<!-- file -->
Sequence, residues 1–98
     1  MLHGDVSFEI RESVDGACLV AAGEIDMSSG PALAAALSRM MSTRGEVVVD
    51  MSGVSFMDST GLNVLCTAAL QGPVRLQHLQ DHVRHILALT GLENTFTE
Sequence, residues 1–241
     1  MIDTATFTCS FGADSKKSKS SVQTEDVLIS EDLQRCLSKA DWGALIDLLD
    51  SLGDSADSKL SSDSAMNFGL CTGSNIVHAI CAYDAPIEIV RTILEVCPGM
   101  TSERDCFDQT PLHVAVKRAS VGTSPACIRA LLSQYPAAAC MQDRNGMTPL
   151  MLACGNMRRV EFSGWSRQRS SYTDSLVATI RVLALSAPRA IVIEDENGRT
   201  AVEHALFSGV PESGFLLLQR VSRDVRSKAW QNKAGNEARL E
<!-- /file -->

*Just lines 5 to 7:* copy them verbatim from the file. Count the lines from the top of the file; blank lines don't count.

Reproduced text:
     1  MIDTATFTCS FGADSKKSKS SVQTEDVLIS EDLQRCLSKA DWGALIDLLD
    51  SLGDSADSKL SSDSAMNFGL CTGSNIVHAI CAYDAPIEIV RTILEVCPGM
   101  TSERDCFDQT PLHVAVKRAS VGTSPACIRA LLSQYPAAAC MQDRNGMTPL